September 13, 2012 : Chris Hedges Big Day, Jay Z Rap Draws Fire
In a case with wide-ranging implications, Twitter has until Friday to turn over the tweets of protester Malcolm Harris. Manhattan Criminal Court Judge Matthew Sciarrino rules the company must do so or else face fines, based on a review of its last two earnings statements. Huffpost
With the physical presence of Occupy mostly gone, authorities are free to throw the book at arrested protesters. Occupy Oakland has seen some of the worst police violence and protester vandalism. Now, Cesar Aguirre, 24, will pay - figuratively and literally. He's sentenced in Superior court to 6 months in jail for smashing police station windows at a 2011 protest. Aguirre, who has steadfastly denied that he broke anything, owes $6,654 in fines and restitution. Broken windows by protesters are topics of great concern these days (video, above) sfgate
Mogul Russell Simmons responds to Rapper Jay-Z's comments that he never understood what Occupy Wall Street was all about, even as he marketed t-shirts with the group's name on it. Simmons vows to enlighten his buddy, saying Jay-Z is right “99 times [out of 100] but this ain't one [of them.]”
Simmons addresses Jay Z directly, writing “special interests are nothing special at all...they spend millions of dollars destroying the fabric of the black community and make billions of dollars in return." huffpost
Writer Zack Greenberg goes deeper, suggesting Jay-Z's problem with OWS reflects Hip-Hop's overall problem with Occupy. Greenberg notes the culture's sense of allegiance to the One percent, even as many of its superstars - such as Jay-Z and Simmons - came from slums and engaged in acknowledged illegal activity.
“Mainstream modern hip-hop is, in many ways, a celebration of wealth–for evidence, one need only look at the ubiquitous references by Jay-Z and others to FORBES and its Hip-Hop Cash Kings list over the past few years,” says Greenberg Forbes
OccupyGuitarmy and ex-Rage guitarist Tom Morello also promise to get Jay Z up to speed - by occupying the first night of his sold-out residency at Brooklyn's Barclay's Theater, which begins Sept. 28th.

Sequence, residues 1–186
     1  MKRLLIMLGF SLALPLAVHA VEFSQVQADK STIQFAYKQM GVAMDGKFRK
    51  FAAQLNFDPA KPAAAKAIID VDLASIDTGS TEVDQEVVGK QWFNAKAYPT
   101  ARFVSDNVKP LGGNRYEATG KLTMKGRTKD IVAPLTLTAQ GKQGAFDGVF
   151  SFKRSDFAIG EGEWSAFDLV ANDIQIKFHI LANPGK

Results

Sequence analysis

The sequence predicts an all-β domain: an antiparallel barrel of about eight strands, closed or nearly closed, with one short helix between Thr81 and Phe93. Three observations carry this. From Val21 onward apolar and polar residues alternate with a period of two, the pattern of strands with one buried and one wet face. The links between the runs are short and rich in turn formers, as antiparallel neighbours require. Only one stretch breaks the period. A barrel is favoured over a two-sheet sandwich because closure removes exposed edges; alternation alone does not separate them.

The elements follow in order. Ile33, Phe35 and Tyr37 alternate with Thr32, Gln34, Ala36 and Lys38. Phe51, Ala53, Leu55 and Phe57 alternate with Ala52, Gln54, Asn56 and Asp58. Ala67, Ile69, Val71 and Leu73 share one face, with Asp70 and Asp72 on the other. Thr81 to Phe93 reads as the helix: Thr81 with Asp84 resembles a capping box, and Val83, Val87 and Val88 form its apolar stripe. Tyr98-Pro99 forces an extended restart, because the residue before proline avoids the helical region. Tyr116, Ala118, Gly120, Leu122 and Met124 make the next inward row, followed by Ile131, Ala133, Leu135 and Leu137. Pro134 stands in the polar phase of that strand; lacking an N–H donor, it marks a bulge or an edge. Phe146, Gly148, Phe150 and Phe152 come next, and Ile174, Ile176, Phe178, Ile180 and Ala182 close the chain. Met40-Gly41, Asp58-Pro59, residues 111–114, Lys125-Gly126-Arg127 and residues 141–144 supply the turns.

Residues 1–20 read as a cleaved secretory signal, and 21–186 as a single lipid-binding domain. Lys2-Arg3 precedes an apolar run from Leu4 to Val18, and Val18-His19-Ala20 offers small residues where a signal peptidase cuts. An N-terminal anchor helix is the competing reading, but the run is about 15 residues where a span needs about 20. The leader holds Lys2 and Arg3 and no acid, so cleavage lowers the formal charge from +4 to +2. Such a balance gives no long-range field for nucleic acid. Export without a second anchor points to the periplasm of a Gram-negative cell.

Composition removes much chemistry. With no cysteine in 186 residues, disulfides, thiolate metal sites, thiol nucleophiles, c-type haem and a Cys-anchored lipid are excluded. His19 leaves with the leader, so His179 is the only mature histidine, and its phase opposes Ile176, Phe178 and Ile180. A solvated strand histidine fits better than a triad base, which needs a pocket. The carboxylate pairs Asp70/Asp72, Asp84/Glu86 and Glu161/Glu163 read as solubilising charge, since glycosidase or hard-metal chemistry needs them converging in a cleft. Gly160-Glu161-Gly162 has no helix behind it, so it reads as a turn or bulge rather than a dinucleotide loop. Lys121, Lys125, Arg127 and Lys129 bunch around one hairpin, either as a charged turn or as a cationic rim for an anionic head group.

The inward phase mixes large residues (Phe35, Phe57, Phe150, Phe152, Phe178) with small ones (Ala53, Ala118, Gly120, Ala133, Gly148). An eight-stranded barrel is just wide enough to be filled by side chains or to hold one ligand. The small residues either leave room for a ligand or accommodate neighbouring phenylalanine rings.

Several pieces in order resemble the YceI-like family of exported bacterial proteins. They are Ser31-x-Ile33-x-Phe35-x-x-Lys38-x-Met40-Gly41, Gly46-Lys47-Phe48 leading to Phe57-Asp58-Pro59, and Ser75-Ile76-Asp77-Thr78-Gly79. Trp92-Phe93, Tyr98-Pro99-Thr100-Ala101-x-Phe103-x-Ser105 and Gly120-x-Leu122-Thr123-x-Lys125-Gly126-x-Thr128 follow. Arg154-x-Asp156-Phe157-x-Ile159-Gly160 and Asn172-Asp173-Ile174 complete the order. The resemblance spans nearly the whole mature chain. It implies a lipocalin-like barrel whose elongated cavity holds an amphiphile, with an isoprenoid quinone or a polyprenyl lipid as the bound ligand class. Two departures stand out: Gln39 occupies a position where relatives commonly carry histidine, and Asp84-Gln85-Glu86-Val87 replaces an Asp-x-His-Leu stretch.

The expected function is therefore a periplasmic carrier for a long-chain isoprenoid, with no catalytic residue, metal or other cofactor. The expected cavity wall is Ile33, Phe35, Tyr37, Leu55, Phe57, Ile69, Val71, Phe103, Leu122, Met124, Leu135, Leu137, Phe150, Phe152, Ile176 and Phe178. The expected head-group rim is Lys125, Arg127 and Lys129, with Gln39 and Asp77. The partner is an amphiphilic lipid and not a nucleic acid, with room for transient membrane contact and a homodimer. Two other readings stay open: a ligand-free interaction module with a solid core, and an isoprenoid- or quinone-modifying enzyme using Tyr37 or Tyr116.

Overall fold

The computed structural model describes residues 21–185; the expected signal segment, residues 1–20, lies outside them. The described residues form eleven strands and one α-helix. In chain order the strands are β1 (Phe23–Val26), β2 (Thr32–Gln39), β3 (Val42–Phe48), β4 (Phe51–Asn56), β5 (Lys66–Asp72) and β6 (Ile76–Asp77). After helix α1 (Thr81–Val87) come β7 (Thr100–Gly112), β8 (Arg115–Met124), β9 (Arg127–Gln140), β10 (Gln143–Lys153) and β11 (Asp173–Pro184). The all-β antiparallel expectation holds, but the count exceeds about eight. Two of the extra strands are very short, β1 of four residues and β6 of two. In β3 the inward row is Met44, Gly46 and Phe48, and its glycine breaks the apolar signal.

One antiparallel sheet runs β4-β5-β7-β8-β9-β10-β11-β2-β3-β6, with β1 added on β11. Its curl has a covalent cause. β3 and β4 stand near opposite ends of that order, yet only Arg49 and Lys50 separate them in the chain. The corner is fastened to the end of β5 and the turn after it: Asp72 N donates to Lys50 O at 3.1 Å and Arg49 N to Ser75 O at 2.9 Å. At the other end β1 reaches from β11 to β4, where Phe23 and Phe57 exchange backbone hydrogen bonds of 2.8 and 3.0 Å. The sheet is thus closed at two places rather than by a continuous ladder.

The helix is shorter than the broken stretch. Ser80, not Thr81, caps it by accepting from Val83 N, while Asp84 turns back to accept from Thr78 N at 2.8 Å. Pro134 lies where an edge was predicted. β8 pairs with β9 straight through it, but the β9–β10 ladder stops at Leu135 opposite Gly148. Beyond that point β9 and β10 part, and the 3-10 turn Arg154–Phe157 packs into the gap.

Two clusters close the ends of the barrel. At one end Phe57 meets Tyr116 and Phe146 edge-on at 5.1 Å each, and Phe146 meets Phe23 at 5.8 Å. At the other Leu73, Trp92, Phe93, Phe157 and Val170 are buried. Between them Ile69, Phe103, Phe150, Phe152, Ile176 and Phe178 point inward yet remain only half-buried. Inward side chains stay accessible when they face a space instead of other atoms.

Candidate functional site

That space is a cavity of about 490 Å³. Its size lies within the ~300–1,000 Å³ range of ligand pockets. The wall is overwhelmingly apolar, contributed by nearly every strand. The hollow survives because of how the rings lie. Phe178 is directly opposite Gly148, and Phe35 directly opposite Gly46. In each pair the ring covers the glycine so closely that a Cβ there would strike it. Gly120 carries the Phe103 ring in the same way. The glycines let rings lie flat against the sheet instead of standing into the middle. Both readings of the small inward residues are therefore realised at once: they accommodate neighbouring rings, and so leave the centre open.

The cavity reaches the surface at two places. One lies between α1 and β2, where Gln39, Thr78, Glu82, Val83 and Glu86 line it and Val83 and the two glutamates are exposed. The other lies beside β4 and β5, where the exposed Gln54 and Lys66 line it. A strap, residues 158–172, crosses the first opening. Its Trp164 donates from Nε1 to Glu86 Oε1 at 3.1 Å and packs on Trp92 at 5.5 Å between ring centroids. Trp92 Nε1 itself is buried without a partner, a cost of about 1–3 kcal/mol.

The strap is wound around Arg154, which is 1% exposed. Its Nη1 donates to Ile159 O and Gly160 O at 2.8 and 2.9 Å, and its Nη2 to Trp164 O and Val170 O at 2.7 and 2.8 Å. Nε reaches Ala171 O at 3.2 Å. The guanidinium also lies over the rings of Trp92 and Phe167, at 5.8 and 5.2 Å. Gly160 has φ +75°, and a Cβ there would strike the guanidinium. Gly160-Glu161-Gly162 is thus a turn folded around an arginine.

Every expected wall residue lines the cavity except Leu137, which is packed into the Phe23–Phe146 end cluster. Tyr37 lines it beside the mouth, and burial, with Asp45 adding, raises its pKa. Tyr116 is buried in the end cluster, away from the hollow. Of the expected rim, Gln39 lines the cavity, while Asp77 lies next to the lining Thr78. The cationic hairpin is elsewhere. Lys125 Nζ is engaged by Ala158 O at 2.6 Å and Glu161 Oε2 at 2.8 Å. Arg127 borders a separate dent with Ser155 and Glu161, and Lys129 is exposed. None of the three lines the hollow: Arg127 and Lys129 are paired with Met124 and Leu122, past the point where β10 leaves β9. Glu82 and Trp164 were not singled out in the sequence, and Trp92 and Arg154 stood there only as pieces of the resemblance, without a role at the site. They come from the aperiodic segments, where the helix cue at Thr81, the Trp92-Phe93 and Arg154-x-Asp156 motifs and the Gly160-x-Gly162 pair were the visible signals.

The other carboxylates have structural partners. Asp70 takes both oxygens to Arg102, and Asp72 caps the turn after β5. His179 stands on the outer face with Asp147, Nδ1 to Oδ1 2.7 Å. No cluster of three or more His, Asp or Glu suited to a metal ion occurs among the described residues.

Guitarmy says it will stage a teach in to “show Jay-Z what we want and how he can help: by encouraging his fans to take action for social justice in their communities, schools, workplaces, and homes.” PopCrush
Jay Z's comments, taken to heart, reflect general popular ambivalence and confusion over Occupy's messages. America is a pioneer society that values individual accomplishment, at times to the exclusion of all else. Members of the one percent feel they worked hard to get there and don't wish to look back. Even if some were born on third base and woke up thinking they'd hit a triple.
It goes to the core of the question as to how Occupy may broaden its appeal beyond hard-core activists to encompass the 99 percent. Many of whom want to be rich like Jay Z. Or at least think they do. The downside of fame and riches are rarely mentioned.
Today, US journalist Chris Hedges makes news, rather than reporting it. First he wins in New York City Federal Court in Hedges vs. Obama, the case challenging the Prez on NDAA. Federal Judge Katherine Forrest, a recent Obama appointee, rejects new provisions of the law -said by Hedges et al to essentially do away with the right of haebeus corpus - as unconstitutional. Forrest issued a temporary restraining order against the legislation in May.
Her latest ruling upholds that decision :
“The Government did not--and does not--generally agree or anywhere argue that activities protected by the First Amendment could not subject an individual to indefinite military detention under § 1021(b)(2). The First Amendment of the U.S. Constitution provides for greater protection: it prohibits Congress from passing any law abridging speech and associational rights. To the extent that § 1021(b)(2) purports to encompass protected First Amendment activities, it is unconstitutionally overboard”